BMG Promises to Review Every Black Artist Contract to Fix ‘Music Industry’s Record of Shameful Treatment’

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BMG is reviewing “all historic record contracts” in an effort to identify and address any inequities and anomalies in agreements with black artists.

BMG officials announced the comprehensive review – and a series of other racial-justice initiatives – in a formal release, which was shared with Digital Music News this morning.

The far-reaching plan comes ten days after BMG, along with fellow music industry companies and a multitude of artists, participated in Black Out Tuesday. However, the publisher, label, and licensor indicated that it intends to build upon the movement: “We are determined that last week’s action is more than a black square in a social media post or a series of slogans.”

After reiterating that it was formed in 2008 (and didn’t play a part in negotiating older record contracts), BMG emphasized that it is “mindful of the music industry’s record of shameful treatment of black artists.” And because it has acquired many older catalogs, which may have resulted from inequitable contracts, the brand nevertheless feels obligated to examine their details.

Additionally, the company signaled that it will review and address its internal diversity – “at BMG the reality is that black people are not as well represented as they are in the populations in which we operate” – and direct each of its offices, located in 12 different countries, to craft plans to reduce the prevalence of racism and social injustice in their respective areas.

At its close, the message stated: “The real test for us all is now to come up with a credible plan for change.”

Significantly, BMG also noted that the contract review, the internal diversity analysis, and the office-specific plans targeting racism and social injustice will be completed within 30 days.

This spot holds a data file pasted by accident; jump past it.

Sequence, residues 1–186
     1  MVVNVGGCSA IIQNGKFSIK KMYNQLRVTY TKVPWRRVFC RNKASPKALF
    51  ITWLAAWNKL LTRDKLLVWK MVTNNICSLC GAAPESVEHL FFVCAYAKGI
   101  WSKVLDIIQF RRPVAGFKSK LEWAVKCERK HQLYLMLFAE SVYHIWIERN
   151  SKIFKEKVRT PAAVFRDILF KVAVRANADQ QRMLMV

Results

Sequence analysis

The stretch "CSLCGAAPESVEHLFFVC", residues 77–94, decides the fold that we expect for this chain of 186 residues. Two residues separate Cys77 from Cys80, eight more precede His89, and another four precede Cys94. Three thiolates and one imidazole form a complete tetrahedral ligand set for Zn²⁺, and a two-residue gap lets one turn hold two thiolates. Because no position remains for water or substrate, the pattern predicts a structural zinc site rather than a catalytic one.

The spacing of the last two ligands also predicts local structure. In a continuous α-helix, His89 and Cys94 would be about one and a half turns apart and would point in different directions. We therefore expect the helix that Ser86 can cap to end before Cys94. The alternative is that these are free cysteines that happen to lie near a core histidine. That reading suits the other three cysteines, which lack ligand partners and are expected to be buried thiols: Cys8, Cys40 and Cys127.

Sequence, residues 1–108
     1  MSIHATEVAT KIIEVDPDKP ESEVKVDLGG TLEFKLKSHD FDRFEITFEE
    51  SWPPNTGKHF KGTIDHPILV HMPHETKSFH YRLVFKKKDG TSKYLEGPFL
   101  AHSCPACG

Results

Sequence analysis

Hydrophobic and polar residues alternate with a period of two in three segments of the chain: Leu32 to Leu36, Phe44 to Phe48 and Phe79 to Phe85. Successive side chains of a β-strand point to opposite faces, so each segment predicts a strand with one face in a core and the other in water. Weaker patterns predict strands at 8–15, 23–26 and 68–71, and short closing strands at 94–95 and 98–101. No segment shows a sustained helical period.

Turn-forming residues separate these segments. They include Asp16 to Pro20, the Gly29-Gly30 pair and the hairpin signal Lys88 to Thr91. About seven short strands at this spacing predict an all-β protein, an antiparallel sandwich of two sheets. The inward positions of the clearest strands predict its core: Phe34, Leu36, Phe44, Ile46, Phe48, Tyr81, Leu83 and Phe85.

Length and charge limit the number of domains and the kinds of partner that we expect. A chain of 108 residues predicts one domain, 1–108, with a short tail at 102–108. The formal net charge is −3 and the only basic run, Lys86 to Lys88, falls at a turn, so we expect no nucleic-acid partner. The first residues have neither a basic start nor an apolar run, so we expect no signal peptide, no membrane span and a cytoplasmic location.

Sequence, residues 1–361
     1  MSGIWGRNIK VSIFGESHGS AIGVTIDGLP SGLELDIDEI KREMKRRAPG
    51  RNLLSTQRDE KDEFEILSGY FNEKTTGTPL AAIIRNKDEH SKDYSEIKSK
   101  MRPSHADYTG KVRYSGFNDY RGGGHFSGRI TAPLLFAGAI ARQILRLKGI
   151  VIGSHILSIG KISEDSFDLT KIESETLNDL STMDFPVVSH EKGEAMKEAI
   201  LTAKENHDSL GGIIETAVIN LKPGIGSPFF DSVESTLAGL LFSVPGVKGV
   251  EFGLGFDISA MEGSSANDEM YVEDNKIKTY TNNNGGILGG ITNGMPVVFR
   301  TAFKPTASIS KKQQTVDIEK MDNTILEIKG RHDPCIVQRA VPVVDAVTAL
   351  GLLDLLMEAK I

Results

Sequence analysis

Yesterday, we were first to report that both YouTube and Apple had established $100 million funds to aid black individuals and other minority communities. And last week, the Big Three record labels created social justice funds of their own, with Universal Music Group pledging $25 million and Warner Music Group and Sony Music Group committing $100 million apiece.

5 Responses

  1. Angelito

    Review them then put them back in the file cabinet. Nobody forced these artists to sign the contracts, and the label advances attorney’s fees so the artist has legal counsel explain the contract before they sign.

    Is anybody else sick of this pious virtue-signaling nonsense? ALL LIVES MATTER.

  2. one

    are they going to review all contracts? is the implication that black artists got ripped off worse than other artists? for decades we’ve heard story after story of how notoriously bad contracts were for artists (a friend, the first drummer for the band, told me about how bad Rush’s contract was for a very very long time). will they compare a michael jackson with a justin timberlake? will it be first contracts, or 2nd or third?

    seems like lip service, or PR spin, or even a way to not look at all contracts

  3. Bill

    Geronimo, Angelito, Al Jolson and whatever other names you use:
    You’re a sad, little person whose comments are consistently revealing about your weak character. You’re not worth anyone’s time. Enjoy chatting with your other online names. Bye, loser.